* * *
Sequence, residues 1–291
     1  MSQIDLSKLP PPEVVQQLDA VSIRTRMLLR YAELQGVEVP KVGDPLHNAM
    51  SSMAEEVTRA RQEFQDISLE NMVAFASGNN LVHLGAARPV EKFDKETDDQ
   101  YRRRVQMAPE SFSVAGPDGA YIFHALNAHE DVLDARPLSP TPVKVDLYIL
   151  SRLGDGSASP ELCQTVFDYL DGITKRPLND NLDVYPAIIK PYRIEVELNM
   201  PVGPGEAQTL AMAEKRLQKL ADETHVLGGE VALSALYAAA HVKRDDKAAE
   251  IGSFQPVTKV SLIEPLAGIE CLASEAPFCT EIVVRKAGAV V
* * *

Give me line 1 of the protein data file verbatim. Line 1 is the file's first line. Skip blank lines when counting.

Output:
Sequence, residues 1–291